(January 2010) Access to landscapes
Access to landscapes
In my PhD thesis I will study accessibility as a prerequisite for use and protection of urban recreational
landscapes. The hypothesis is that the quality of an area will affect the use of an area for recreational
purposes, and that accessibility is of significant importance in that regard.
The main research questions for my thesis concern the connection between accessibility and
management of urban recreational landscapes:
- To what extent does accessibility for the users strengthen the implementing of local and
national goals in urban recreational landscapes?
- Does accessibility and use of recreational landscapes enhance the probability for maintaining
the areas for recreational purposes?
According to Højring and Caspersen (1999) an accessible area is where the observer perceives it
physically possible to get to; where obstacles do not hinder passage, and at the same time where one
has right-of-way through laws and regulations. This definition covers the different aspects of the term;
the physical accessibility, the legal accessibility and the cultural or perceived accessibility. These
aspects partly coincide, because our perceived accessibility to an area depends on the physical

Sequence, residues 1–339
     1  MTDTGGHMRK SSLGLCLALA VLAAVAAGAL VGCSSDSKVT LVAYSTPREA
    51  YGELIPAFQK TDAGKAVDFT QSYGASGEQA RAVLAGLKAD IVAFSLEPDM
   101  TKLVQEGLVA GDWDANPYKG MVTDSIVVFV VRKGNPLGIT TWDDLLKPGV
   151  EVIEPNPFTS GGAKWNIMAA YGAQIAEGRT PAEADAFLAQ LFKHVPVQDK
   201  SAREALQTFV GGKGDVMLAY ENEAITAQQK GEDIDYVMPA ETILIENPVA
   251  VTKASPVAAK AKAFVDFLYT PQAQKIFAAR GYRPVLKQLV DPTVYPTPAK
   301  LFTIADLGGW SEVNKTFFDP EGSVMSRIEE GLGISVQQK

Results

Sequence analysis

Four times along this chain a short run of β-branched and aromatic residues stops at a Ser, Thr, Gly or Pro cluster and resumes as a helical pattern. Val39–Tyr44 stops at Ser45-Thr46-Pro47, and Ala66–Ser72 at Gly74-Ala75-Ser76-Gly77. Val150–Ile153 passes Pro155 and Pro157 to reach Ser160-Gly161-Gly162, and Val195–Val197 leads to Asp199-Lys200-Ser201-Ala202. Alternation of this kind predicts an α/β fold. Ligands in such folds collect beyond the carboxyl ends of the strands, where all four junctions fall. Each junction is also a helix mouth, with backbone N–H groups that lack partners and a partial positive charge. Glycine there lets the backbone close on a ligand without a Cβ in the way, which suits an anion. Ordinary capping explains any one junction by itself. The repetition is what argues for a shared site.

attributes of the area. Physical accessibility is determined by factors such as topography (terrain
roughness), land cover and vegetation density, and perceived accessibility can further be enhanced
by the presence of inviting elements, such as path-signs or lighted paths. On the other hand,
perceiced right-of-way is not necessarily the same as legal right-of-way.
Through a literature review of the use of the term accessibility in landscape assessments, I will discuss
the content of the term more profoundly. The aim of the literature review will be to find out which
attributes of an area defines our conception of the areas suitability for recreational activities. My paper
for this PhD workshop will be a literature review assessing the term accessibility in landscape assessments.
Research methodology for measuring accessibility
Geographical Information Systems (GIS) will be used to visualize and measure accessibility to urban
recreational landscapes in two different municipalities, Moss in Norway and Kungsbacka i Sweden.
Prior to a GIS analysis, the relevant indicators of accessibility need to be operationalised. Not all
aspects concerning accessibility can be measured through a GIS analysis, and will require other
methods, like field work or surveys.
HØJRING, K and CASPERSEN, O. H. (1999) Landbrug og landskabsæstetik - udviklingen i
landbruget 1950-1995 og dens konsekvenser for landskabets oplevelsesmæssige indhold.
Copenhagen, Forskningscentret Skov & Landskab: 252.